On appeal, Ford asserts that the proffered evidence concerning the Houston robbery witnesses would have, in fact, raised a reasonable doubt as to his guilt. Hence, Ford contends that the trial court's decision to exclude the evidence was an improper incursion into the jury's function, and that it constitutes reversible error.

We believe that the totality of the Houston robbery evidence did not rise to the level necessary to create a reasonable doubt in regard to Ford's or Von [10 Cal. App. 4th 266] Villas's guilt and that the trial court's decision to exclude it was reasonable. First, the affinity between the Schaffer & Sons and Houston robberies is at best questionable. We find no direct or circumstantial evidence linking the suspects in the Houston robbery to the perpetrators of the Schaffer & Sons robbery. Out of all the circumstantial evidence that purportedly renders the crimes similar, only two items are unchallenged: the fact that both robberies shared the same general location (the San Fernando Valley) and that both stores were jewelry stores. Other circumstantial evidence such as the description of the suspects in the Houston robbery, the modus operandi used, and the type of property taken is either only vaguely similar or completely inconsistent with the Schaffer & Sons robbery.

Although there was some similarity among the descriptions of the bandits in both robberies, substantial differences exist between the two crimes. The description of the Houston robbery depicts an unprepared and disorganized theft. The Houston robbery occurred in the early afternoon, during business hours, thus involving an uncontrolled interruption by a customer. The culprits relied on store employees to open safes and display cases, while ordering others to lie face-down on the floor. In this atmosphere of general confusion, a store employee obtained a gun and shot at the suspects while chasing them to their getaway car.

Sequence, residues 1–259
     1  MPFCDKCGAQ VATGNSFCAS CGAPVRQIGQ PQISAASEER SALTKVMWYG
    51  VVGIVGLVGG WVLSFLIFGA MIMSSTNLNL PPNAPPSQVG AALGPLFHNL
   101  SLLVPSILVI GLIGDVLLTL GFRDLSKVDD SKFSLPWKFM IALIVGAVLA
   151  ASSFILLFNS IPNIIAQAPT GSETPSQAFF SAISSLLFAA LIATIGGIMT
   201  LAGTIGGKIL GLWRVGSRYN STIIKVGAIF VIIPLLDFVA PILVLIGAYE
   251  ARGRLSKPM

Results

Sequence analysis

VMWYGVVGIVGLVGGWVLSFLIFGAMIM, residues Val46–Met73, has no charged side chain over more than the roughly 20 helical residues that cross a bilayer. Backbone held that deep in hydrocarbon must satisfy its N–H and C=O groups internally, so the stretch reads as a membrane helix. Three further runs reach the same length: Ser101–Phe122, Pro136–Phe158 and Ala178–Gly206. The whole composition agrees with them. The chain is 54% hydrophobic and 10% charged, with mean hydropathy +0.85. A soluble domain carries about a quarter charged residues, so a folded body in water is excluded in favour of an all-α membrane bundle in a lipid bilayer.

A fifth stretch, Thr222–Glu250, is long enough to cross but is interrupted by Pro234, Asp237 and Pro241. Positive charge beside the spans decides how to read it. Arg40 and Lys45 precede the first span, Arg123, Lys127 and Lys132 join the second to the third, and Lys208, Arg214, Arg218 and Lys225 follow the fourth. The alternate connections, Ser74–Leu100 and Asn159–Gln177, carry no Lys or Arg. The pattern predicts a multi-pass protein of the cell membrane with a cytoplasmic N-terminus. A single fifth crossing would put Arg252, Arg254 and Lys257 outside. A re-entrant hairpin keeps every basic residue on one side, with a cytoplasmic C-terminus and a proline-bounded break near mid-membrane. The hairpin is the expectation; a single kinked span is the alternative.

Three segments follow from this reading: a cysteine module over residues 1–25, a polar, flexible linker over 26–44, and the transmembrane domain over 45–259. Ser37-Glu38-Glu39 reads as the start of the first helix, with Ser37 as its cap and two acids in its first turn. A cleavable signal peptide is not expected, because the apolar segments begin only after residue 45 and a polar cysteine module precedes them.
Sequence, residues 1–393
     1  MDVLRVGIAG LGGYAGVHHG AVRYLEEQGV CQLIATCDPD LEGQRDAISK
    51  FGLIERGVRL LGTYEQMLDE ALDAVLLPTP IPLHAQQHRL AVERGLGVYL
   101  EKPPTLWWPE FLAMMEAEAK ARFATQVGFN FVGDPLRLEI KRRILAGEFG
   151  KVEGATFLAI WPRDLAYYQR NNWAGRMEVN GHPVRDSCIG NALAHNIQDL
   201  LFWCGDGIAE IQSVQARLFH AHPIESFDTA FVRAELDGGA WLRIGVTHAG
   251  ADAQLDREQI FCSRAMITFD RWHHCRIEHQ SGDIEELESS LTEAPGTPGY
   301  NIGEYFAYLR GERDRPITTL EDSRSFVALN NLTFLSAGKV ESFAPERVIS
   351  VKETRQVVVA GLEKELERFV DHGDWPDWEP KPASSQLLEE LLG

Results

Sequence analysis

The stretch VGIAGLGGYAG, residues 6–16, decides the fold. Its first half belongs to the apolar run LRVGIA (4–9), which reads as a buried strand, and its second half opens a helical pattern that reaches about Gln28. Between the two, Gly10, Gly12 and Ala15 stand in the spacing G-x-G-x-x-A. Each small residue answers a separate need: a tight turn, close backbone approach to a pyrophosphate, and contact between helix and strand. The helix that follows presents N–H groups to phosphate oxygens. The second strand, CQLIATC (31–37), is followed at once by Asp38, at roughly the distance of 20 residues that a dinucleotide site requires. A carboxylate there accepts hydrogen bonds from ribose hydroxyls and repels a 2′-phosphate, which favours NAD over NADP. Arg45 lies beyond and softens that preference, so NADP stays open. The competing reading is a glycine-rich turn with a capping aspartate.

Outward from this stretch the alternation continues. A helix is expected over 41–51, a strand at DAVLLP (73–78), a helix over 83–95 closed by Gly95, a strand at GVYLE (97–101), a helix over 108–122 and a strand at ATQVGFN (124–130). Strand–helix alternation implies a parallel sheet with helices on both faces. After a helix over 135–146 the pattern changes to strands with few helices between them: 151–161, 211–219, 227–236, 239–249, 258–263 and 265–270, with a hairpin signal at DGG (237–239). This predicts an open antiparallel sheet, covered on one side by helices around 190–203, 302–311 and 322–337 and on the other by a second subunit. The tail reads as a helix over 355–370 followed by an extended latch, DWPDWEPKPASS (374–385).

In contrast, the Schaffer & Sons robbery was carefully planned and performed. In executing the Schaffer & Sons robbery, one suspect entered the store at closing time and immediately immobilized the store employees. Another suspect "closed" the store and belayed the suspicions of the mall security guards. The suspects entered at a time when the safe and display cases were open and the number of witnesses was at a minimum. Thus, the methods of the suspects of the two robberies were entirely dissimilar, in that Schaffer & Sons was thoroughly organized while Houston was apparently a haphazard affair.

A final distinguishing characteristic between the two robberies is the type of property taken. In the Houston robbery the property taken consisted of actual pieces of jewelry. In the Schaffer & Sons robbery the majority of the property taken was loose diamonds.

These are broad and objective distinctions between the two crimes. The tenuous pieces of evidence that purportedly link both robberies do not meet the standard of reasonable doubt set forth in People v. Hall, supra. There must be direct or circumstantial evidence which links a third person to the actual perpetration of the crime. If the descriptions of the perpetrators had not varied from one group of witnesses to the next, or were more comparable, a link may have been established. There is no link in this case. We are [10 Cal. App. 4th 267] not persuaded that the evidence of the Houston robbery raises a reasonable doubt as to Ford's or Von Villas's guilt. The evidence was properly excluded. L. The Trial Court's Ruling Excluding Evidence of Details of Mr. Adams's Arrests While in the Witness Protection Program

After Mr. Adams entered the witness protection program, he was arrested in Stanton for writing a bad check and in Oxnard for auto theft and embezzlement. He was never prosecuted on those charges. Ford wished to impeach Mr. Adams and LAPD Officers Gailey and Fox with details of the arrests. As to the officers, Ford asserts that the proffered evidence would have rebutted claims that Mr. Adams received no special treatment. The trial court allowed information into evidence which showed that Mr. Adams had received favorable treatment by not being prosecuted after his arrests, but disallowed any specific reference to the precise charges against him. The court determined that such references were barred by Evidence Code section 787. fn. 32 According to the trial court, any such references would constitute improper impeachment by use of specific acts of conduct.